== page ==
Like a local Haunted House attraction, XXX leaps out at you, makes loud noises, and plops your hand in the proverbial plate of cold spaghetti "guts." Superficially, it resembles exhilarating action films of the past, but the paint-by-numbers approach just doesn't do the trick. With all around bad acting, hyperactive production, and a script that passes "camp" and goes right on through to "bad," XXX goes only to prove how desperate Hollywood is to agressively market Vin Diesel to preteens as the Action Star of the Aughts.
Pandering is unfortunately the word for this reimagining of James Bond as an extreme sportsman. Diesel plays an underground celebrity hoodlum who lusts for the freedom of anarchy until he brings out his inner flag-waver to face evil would-be conquerors while skyboarding, snowboarding, skateboarding, and playing video games. Samuel L. Jackson plays recruiter and badass "M" upgrade Agustus Gibbons; he proves to be useful mostly for shaking his head and saying things like, "Oh, Triple-X..." Asia Argento plays the "mysterious" femme fatale, and Marton Csokas--looking for all the world like an extra from The Crow finally getting his big break--plays Yorgi, a greasy, stubbly, bare-chested, dead-eyed, thick-tongued, tattooed villain. As long as they're going that far, why not give the guy a pet black panther?
But XXX never commits to the spoof it obviously is, preferring to hedge its bets as a serious action entry. This means the choice of Prague as setting (is the whole damn town a Hollywood backlot now?) and lines like "That guy on the bike! That's the drug lord. Let's get him!" are presented with straight faces. Director Rob Cohen (who never met a dutch angle he didn't like) even pitches clueless cinematic references like an extra playing The Third Man's immortal zither theme though neither the setting nor anything else remotely suggests the earlier classic (for the record, Rob, The Third Man was set in Vienna).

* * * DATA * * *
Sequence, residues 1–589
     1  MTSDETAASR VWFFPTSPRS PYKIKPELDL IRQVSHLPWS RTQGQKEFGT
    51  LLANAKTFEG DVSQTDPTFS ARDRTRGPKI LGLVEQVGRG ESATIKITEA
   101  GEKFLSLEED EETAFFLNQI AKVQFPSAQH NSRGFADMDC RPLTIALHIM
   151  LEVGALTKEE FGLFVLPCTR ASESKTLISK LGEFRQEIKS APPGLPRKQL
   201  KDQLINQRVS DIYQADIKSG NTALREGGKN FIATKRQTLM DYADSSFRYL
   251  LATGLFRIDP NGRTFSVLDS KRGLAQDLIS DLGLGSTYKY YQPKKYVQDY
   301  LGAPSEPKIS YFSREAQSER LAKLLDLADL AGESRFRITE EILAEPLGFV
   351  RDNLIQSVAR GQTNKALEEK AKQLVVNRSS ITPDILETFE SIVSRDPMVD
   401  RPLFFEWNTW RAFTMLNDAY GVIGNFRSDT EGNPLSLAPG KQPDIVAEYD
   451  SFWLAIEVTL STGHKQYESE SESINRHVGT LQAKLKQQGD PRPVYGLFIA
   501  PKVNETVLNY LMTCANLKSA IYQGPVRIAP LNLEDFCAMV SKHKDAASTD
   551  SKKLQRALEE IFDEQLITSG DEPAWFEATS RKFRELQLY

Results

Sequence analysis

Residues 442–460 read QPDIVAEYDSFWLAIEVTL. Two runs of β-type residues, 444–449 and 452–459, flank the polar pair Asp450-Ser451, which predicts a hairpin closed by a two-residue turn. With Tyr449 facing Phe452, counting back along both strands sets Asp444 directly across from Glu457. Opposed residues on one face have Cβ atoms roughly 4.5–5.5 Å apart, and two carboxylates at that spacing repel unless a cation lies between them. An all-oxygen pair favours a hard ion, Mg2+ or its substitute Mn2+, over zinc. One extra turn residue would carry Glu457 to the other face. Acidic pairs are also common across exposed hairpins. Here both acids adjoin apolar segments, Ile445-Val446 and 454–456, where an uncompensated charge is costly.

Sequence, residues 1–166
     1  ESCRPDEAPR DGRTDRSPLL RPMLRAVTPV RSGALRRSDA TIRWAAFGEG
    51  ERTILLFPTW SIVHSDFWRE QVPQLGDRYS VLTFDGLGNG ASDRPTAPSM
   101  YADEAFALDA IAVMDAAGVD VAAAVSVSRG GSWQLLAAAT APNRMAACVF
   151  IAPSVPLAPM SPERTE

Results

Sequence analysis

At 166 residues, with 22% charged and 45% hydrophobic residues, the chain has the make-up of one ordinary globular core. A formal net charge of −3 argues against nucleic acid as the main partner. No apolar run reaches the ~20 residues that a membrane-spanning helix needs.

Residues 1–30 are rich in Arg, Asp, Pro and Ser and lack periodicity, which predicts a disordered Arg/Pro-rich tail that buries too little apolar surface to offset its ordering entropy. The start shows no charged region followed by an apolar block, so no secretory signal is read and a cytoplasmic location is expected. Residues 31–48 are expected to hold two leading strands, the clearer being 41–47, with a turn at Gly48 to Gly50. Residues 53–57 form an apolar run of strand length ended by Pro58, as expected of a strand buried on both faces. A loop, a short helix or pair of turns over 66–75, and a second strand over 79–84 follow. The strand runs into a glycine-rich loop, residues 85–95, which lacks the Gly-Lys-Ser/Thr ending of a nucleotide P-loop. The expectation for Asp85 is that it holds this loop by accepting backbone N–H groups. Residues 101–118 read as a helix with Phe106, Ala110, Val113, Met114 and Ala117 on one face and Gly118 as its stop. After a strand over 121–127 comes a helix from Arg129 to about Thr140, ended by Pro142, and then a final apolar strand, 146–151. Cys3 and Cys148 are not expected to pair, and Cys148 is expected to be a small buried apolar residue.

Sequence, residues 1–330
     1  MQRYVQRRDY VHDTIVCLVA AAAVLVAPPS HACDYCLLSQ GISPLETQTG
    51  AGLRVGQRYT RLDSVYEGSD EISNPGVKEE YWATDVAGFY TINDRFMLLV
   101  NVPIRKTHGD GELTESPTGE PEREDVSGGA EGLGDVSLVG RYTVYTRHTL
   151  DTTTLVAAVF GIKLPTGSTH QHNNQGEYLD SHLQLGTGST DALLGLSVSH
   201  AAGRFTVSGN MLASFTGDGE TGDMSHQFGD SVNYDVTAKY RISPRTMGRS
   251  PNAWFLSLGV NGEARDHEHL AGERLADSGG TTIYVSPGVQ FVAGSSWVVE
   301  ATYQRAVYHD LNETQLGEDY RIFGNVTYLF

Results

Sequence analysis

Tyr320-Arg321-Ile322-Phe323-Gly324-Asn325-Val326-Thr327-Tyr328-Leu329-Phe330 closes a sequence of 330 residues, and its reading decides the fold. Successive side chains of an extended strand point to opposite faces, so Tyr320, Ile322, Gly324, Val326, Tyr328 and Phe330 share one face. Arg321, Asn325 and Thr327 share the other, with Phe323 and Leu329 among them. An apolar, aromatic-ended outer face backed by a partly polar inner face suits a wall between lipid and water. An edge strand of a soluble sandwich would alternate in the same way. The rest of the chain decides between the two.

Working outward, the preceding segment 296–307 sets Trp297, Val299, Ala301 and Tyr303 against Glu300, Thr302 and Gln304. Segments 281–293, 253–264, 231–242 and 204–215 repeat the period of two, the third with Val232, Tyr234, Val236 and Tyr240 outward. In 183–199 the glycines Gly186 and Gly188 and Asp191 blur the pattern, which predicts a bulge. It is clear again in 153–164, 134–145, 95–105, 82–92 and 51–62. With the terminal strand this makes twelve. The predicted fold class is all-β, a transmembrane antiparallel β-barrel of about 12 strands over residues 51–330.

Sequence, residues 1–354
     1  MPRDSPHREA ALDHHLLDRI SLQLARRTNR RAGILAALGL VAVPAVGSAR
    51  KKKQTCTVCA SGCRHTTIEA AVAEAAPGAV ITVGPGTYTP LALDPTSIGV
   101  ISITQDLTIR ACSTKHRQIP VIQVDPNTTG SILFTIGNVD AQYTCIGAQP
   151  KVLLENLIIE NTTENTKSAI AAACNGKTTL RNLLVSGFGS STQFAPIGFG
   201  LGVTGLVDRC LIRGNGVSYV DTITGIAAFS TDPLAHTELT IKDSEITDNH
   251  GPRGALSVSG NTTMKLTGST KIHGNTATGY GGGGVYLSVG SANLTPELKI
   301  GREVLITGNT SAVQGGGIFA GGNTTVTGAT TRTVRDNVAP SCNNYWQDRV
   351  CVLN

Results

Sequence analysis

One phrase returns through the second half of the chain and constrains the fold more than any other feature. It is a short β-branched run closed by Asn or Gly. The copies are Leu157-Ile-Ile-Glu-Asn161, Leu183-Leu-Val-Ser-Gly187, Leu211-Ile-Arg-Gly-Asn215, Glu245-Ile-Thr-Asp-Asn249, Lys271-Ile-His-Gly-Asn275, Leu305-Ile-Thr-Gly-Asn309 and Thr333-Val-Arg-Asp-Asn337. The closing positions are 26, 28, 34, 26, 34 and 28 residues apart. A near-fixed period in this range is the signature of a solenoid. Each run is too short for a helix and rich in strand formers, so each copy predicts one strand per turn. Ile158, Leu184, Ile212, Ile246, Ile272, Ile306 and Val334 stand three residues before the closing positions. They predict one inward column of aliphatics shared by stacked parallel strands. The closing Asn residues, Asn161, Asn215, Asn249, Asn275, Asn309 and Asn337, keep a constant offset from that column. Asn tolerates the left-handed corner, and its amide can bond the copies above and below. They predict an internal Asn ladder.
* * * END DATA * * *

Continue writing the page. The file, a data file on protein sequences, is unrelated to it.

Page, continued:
In the film's defense, Cohen musters one sit-up-in-your-seat sequence which, like similar sequences in Bond films, springboards over incredulity to sheer adrenalized fun. Again evoking Bond, the sequence entails a snow-capped mountain, a small army of goons, and a series of unnatural and natural disasters.
Diesel is, I suppose, the post-modern Stallone, with his low-rumbling "charm" and "sly" humor. Ironically, Diesel was served much better in Cohen's The Fast and the Furious, the sequel to which both star and director passed up; in hindsight, that somewhat ludicrous film plays like gritty and emotional docudrama. XXX will undoubtedly rake in plenty, but I'm not sure we're ready for Diesel to take charge of our big-screen action dreams.